Bank executives should be fired for regulatory breaches, says report

New parliamentary report stops short of recommending royal commission into banking industry.

Executives in Australia’s major banks ought to be sacked and publicly named for significant regulatory breaches, according to new parliamentary report.

Australia should also establish a “one-stop” tribunal to make it easier for consumers and small businesses to complain about poor treatment by banks and financial advisers, it says.

But it has stopped short of recommending a royal commission into the banking industry.

Those are some of the recommendations from a parliamentary inquiry into Australia’s major banks, whose first report was published on Thursday.

The Turnbull government set up the inquiry in response to mounting pressure for a royal commission into the banking industry.

Chief executives from Westpac, ANZ, Commonwealth Bank, and NAB, were forced to appear before a parliamentary committee in Canberra last month as part of the inquiry.

The report’s recommendations include:

Banks must publicly report significant regulatory breaches within five days of reporting the incident to regulators. Such public reports should include a description of the breach and how it occurred, the names of senior executives responsible for the teams where the breach occurred and the consequences they faced, and an explanation of the reasons an executive is not dismissed (if in fact they are not).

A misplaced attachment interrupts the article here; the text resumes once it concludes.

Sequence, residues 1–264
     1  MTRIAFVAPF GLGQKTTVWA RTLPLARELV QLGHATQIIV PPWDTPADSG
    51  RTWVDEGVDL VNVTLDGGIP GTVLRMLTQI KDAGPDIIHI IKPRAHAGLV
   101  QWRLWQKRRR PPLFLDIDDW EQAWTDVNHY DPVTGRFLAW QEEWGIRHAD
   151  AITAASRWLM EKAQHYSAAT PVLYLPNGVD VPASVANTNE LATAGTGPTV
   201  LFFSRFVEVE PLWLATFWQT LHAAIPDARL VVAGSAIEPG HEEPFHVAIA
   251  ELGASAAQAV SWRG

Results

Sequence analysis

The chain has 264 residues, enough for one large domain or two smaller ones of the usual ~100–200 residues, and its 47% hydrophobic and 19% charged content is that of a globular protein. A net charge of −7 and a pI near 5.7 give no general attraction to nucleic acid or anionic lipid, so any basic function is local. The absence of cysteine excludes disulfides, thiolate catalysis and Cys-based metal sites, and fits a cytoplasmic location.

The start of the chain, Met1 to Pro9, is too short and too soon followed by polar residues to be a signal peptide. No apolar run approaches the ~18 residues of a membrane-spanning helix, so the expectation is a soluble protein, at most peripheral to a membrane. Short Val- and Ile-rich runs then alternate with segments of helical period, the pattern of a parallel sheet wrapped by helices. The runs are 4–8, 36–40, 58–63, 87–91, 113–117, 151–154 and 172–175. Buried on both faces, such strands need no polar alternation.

The launch of a ‘one-stop’ banking and financial services tribunal to replace the existing external dispute resolution schemes by 1 July 2017.
Continual monitoring of competition in the banking sector by the competition regulator, and recommendations made every six months to the treasurer to improve competition in the sector.
The creation of a data sharing framework for consumer and small business data by July 2018.
A review of the regulatory barriers to starting a bank.

The committee chair, Liberal MP David Coleman, said if the recommendations were implemented they would substantially improve the banking sector.

Coleman said this first report would be added to in the future. “Banks must be much more accountable to consumers than they are today, and these recommendations will achieve that goal,” he said on Thursday.

But Labor and the Greens have issued dissenting reports. “This inquiry was established by the government to avoid a royal commission into Australia’s banking industry,” Labor’s report says.

“It has been a stage-managed circus from its beginnings … the only way to achieve any form of justice for the victims of the banks, and the only way to truly shine a light on the practices that drive unethical behaviour in the banking industry, is to hold a royal commission.”

The Greens said the inquiry confirmed the big four banks “enjoy a cosy and privileged position in Australian society”.

“This inquiry has also confirmed the big four banks think there is nothing wrong with the core of their vertically integrated business model, a model that creates a potential for conflict of interest between the customers’ best interest and subsidiaries encouraging people to buy financial products,” the Greens’ report says.

“[It] has generated more questions than answers, reinforcing the need for a wide-ranging royal commission into the big four banks and the broader financial sector.”

Coleman said chief executives of the major banks would be asked to attend another round of public hearings in February 2017.